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Speaker: David Fisher: The OIA arms race

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  • Angela Hart, in reply to Steve Barnes,

    Yup, I think the change to "no surprises" stems from Corngate when Clark was horribly embarrassed because she was ambushed by Campbell and didn't have a clue what he was getting at. The interview was painful to watch and I wasn't able to forgive Campbell for his unfairness for a long time.
    That doesn't excuse the situation we have now with the OIA, but it helps explain it.

    Christchurch • Since Apr 2014 • 614 posts Report Reply

  • nzlemming,

    I think Clark's "no surprises" rule was about letting the minister know information was being released before he/she had to front the media on it. Key's rule is more about "does the minister want this released?"

    Waikanae • Since Nov 2006 • 2930 posts Report Reply

  • Steve Barnes, in reply to nzlemming,

    Key's rule is more about "does the minister want this released?"

    That's what ya get with Dictators, power at all costs. That is why I doubt any change for the better under this Government.
    I was having a conversation with a Doctor the other day who reckoned that 90% of people who voted for National were deranged, the other 10% might, actually, be better off.

    Peria • Since Dec 2006 • 5521 posts Report Reply

  • andin,

    90% of people who voted for National were deranged,

    Oh Mass Psychosis your face contorted again, you really must think you are unrecognisable!
    Great post Thanks David.

    raglan • Since Mar 2007 • 1882 posts Report Reply

  • giovanni tiso, in reply to Angela Hart,

    I made a series of OIA requests attempting to get at the information. I've copied the last two (which were to different Ministry people because my previous responses came from them) and the final response to dropbox, which you should be able to access via this link.

    Thank you Angela. The suggestion that NASCs are independent organisations is frankly extraordinary.

    Wellington • Since Jun 2007 • 7473 posts Report Reply

  • Alfie,

    Here's David Fisher's speech in the Herald. And it appears to be in full.

    Dunedin • Since May 2014 • 1388 posts Report Reply

  • Carol Stewart, in reply to linger,

    Can you give a rough estimate of what proportion of the OIAs made to your school board were vexatious?

    They were all made by the same person with the same motivation ..
    To be fair, the context was that there were a lot of trust problems at the time between the board, the school management and the school community, as the subsequent ERO report identified. But the use of the OIAs in that way was corrosive.

    Wellington • Since Jul 2008 • 822 posts Report Reply

  • Bart Janssen,

    Just thinking about it - isn't an OIA meant to be the method of communication of last resort.

    David's post tracks the change leading to it being used as first port of call.

    But trying to fight for OIAs to be released earlier and with less political interference would seem to be fighting the wrong battle.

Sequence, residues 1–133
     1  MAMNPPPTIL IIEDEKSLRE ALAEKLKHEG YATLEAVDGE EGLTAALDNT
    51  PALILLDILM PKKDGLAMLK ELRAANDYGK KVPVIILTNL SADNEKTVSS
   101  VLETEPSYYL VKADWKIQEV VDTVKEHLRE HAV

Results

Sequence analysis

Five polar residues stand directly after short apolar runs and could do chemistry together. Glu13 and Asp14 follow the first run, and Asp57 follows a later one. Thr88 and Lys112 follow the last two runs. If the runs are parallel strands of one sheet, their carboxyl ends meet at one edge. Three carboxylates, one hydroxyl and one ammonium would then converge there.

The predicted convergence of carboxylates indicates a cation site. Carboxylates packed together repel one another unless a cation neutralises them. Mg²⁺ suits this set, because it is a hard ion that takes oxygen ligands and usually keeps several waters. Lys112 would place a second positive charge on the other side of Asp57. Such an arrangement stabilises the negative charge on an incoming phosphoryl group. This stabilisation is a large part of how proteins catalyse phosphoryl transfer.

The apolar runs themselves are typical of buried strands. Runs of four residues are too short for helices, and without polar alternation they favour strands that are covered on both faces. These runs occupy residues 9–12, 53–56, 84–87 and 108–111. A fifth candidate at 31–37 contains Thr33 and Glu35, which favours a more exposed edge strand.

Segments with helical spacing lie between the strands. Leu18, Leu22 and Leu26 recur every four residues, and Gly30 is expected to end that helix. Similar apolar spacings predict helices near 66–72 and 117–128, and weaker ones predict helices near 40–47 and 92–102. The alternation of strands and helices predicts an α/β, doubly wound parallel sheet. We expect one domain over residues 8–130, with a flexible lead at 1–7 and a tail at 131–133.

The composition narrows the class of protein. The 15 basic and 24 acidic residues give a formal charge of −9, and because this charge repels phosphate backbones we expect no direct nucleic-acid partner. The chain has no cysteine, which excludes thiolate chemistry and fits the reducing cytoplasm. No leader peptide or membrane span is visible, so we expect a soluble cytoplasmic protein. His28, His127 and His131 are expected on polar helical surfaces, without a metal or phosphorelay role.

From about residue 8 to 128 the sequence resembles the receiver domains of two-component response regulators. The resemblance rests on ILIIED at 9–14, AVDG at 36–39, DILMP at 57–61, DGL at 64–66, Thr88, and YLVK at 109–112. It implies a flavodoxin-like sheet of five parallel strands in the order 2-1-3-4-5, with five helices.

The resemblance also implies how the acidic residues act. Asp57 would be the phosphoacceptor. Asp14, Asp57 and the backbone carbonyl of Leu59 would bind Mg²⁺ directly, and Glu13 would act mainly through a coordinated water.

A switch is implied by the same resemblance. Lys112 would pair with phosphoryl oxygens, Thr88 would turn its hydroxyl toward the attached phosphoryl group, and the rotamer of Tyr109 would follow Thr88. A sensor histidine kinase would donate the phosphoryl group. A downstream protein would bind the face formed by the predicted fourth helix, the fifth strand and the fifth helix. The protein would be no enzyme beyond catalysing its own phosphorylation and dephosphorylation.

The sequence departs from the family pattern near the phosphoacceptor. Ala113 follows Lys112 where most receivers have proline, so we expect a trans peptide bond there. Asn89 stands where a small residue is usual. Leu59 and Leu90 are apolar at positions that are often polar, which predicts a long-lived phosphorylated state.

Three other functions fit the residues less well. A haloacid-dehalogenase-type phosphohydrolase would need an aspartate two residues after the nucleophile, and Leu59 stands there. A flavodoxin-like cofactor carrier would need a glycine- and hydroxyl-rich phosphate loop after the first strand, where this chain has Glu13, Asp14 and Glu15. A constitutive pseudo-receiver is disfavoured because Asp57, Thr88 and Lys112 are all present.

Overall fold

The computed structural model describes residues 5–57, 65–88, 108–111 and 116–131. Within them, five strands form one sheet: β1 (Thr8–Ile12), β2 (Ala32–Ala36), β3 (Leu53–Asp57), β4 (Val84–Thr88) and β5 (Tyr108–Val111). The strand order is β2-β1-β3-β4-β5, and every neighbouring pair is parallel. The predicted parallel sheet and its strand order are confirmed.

We should instead be fighting to open up the public service as a public resource at all times. The public service should, as a rule, be open access with exceptions few and far between. An OIA should only be necessary where an exception is open to question by the ombusdman.

    I suspect it comes back to the idea of the government as a business and the PM as a CEO. Government should not be a business, we have private enterprise for that.

    Auckland • Since Nov 2006 • 4451 posts Report Reply

  • Idiot Savant, in reply to Carol Stewart,

    They were all made by the same person with the same motivation ..
    To be fair, the context was that there were a lot of trust problems at the time between the board, the school management and the school community, as the subsequent ERO report identified. But the use of the OIAs in that way was corrosive.

    That doesn't make something "vexatious". According to the Ombudsman, a request is only vexatious if it is such that no reasonable person could possibly consider it to be made in good faith. Your subsequent comments make it clear that these requests did not fall into that category, and if they were refused as such, they were refused improperly.

    Palmerston North • Since Nov 2006 • 1711 posts Report Reply

  • Idiot Savant, in reply to Bart Janssen,

    Just thinking about it - isn't an OIA meant to be the method of communication of last resort.

    No. The OIA is supposed to make government more transparent, by making it easier to get information from them (this may shock people, but pre-OIA, government information was presumed to be secret and it was a crime to disclose it; the OIA repealed the crime and put in place a presumption of openness). Whether people use it as their first or last port of call is entirely up to them.

    Palmerston North • Since Nov 2006 • 1711 posts Report Reply

  • Carol Stewart, in reply to Idiot Savant,

    if they were refused as such, they were refused improperly.

    They weren’t refused. They were all met within the specified timeframe.

    Looking back, they probably just hastened the inevitable changes.